Regional differences in the mural structure of the human coronary sinus
Ominde, Beryl S
Ogeng’o, Julius A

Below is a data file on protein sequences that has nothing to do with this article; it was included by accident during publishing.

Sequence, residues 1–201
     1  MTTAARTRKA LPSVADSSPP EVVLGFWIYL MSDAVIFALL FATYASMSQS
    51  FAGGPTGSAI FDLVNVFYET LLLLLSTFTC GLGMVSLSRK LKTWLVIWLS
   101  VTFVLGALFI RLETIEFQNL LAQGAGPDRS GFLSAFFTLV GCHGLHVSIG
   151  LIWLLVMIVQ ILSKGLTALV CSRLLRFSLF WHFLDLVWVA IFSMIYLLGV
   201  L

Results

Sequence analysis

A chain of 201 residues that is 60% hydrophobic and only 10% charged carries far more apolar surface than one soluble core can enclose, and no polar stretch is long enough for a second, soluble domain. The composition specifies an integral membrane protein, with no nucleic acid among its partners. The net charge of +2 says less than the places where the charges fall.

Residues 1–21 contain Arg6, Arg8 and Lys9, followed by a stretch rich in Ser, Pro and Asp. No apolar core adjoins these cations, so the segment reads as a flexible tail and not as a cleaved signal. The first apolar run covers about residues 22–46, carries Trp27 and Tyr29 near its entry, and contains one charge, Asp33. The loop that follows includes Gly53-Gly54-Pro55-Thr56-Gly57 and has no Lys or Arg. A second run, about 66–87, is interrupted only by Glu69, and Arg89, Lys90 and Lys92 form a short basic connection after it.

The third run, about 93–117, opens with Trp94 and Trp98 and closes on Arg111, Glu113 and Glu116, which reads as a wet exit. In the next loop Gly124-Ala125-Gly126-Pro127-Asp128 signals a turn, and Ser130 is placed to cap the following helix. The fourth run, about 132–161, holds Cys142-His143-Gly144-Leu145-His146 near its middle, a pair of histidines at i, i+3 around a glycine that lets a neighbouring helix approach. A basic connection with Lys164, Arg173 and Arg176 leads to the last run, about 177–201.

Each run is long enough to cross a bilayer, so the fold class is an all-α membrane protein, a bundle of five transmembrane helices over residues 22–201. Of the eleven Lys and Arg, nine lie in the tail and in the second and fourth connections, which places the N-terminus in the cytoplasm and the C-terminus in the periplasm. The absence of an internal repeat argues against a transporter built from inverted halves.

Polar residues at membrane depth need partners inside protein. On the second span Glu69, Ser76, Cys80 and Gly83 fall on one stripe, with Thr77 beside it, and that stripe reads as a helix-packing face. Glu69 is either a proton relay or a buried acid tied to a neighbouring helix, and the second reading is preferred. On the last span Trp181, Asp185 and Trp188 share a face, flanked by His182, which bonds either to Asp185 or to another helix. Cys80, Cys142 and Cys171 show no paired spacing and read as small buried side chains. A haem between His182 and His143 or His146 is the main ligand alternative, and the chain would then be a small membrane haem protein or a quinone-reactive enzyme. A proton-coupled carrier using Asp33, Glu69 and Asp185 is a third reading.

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Regional differences in the mural structure of the coronary sinus are important in understanding its physico-mechanical properties and the basis for extent of atrial fibrillation and ablation. These features are only scarcely reported. This study therefore aimed at describing regional differences in the mural structure of coronary sinus among black Kenyans. This was a descriptive cross-sectional study on coronary sinuses from fifteen hearts obtained during autopsy on adult black Kenyans at the Department of Human Anatomy, University of Nairobi. Five-millimeter-long specimens were taken from the proximal, middle and terminal segments of the coronary sinus and processed routinely for paraffin embedding and sectioning. Seven-micron thick sections were stained with Masson’s Trichrome to demonstrate connective tissue and smooth muscle while Weigert’s Resorcin Fuschin stain was used to demonstrate elastic fibres. The slides were examined with a light microscope and photomicrographs taken with a high resolution digital camera. The results are presented in micrographs. The wall comprised three layers namely internal, middle and external. Regional differences were observed in the middle layer. In the proximal segment, there were concentrically oriented smooth muscles scattered within connective tissue. The middle and terminal segments on the other hand comprised cardiac muscle oriented both concentrically and longitudinally. The muscle was separated by connective tissue rich in elastic fibres and abundant vasa vasora. The external layer comprised connective tissue. In conclusion the middle layer of the wall of the coronary sinus displays regional differences. The smooth muscle at the proximal segment may confer contractility to enhance blood flow while the cardiac muscle in the other segments enables it to function in synchrony with the right atrium during atrial systole. The complex arrangement of circular and longitudinal muscle facilitates blood flow and may also constitute a sphincter mechanism.
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